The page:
Colic Horse Treatment


Colic is one of the main causes of death in horses. Colic refers to pain in the abdomen. We use this term in horses to refer to any condition that causes abdominal pain. It is analogous to a stomach ache in humans. There are many reasons why one might colic. In any case colic is to be considered and emergency and your animal needs to see a veterinarian for evaluation. When colic is diagnosed early it is many times more likely to have a positive outcome.

What are the signs of colic?

  • Rolling on the ground
  • Acting restless
  • Pawing
  • Odd stretching
  • Distended abdomen

3 levels of colic:

  • Where moderate therapy is needed
  • Where intense therapy is required or surgery is needed
  • Where surgery is the only option

An abdominal surgery is very traumatic to the animal so we make every effort to avoid surgery when possible.

Causes of colic?
There are many reasons colic. Many times, when a horse colics the exact reason is not known. Sometimes a build-up of sand, dirt, feed and other indigestible material can block normal digestion. Fermented gas can also buildup and cause bloat. The intestines of the horse can get twisted up cut off blood supply to the intestines. When the intestines get twisted up they can get blocked or tear. Parasites such as intestinal worms can build up and block the intestines.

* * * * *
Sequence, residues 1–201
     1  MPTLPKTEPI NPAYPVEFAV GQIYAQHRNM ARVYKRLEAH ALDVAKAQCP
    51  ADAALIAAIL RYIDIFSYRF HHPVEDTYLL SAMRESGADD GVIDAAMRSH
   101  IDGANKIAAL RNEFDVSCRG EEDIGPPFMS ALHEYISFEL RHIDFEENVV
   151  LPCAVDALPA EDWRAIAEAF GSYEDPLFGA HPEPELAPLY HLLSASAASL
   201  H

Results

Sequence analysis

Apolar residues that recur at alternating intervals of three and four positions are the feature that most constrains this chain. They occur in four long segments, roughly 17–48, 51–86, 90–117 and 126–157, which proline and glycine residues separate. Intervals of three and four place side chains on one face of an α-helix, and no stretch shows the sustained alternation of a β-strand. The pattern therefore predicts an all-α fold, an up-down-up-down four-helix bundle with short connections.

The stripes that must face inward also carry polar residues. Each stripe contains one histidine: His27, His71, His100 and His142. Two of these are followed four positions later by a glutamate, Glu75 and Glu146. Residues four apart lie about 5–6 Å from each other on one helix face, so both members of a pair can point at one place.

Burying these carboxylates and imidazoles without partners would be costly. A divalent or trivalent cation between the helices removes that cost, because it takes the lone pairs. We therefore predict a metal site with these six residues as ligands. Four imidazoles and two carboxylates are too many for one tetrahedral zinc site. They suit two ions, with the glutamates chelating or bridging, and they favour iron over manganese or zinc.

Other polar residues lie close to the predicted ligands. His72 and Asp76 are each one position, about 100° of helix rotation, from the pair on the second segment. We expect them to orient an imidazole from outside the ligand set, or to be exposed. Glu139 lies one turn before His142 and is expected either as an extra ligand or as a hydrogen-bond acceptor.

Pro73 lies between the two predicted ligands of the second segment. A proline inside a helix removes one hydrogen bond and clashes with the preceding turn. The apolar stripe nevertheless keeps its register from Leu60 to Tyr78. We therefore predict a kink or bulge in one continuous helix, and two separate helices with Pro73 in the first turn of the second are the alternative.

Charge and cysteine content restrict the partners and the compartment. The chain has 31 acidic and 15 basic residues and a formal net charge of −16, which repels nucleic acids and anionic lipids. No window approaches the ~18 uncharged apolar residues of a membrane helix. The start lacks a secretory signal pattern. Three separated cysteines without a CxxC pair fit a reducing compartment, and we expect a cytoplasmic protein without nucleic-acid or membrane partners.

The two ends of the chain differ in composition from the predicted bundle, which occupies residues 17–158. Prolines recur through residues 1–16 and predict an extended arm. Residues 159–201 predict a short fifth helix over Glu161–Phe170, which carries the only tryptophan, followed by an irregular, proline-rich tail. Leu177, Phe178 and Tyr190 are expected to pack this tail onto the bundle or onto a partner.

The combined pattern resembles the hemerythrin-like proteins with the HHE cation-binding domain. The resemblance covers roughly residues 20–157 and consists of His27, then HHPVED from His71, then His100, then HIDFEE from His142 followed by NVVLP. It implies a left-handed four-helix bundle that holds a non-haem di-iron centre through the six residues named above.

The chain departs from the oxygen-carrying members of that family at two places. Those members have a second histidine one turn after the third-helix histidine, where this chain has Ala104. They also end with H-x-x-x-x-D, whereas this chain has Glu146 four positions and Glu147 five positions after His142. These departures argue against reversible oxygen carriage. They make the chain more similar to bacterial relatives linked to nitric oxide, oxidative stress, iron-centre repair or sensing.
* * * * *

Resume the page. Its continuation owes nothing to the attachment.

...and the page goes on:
There are many reasons a horse colics. The most important thing is that the cause is identified and treated quickly because, though many of the causes are simple and not life threatening, many are deadly.

How do you treat colic?
When a horse is colicing, research and experience has shown that the best non-surgical treatment is to provide the animal with copious amounts of fluids. Most veterinary clinics do not possess the amount of fluids a colic horse needs for treatment. We believe it is necessary to have enough fluids available readily on hand for multiple horses. Our clinic has developed a reputation because of the amount of fluids we keep on hand. So much so that we regularly get calls from other local veterinarians for supplies when they have a client with a colic horse.

The combination of IV fluids, medicines and physical therapy often averts the necessity of surgical intervention.

How do you prevent colic?
– Be careful switching your horses feed. Their body gets used to the food they eat. If you switch it too fast the bacteria in their intestines are not able to adapt fast enough. Feed good quality forage.

– Though it may be easier on you, don’t feed the horse on the ground. They can pick up sand and dirt easily that will build up in their gut and cause problems later on. Go the extra mile on this one and feed them in a pan or tray of some sort.

– Make sure horses always have access to water. Both the outside and inside of the intestines need to stay very lubricated and water is the main component in natures lubricant. Keep their water source looking, smelling, and tasting clean so they drink all they want. Nobody wants to drink from something that looks like toilette water.

– Establish a good parasite prevention program.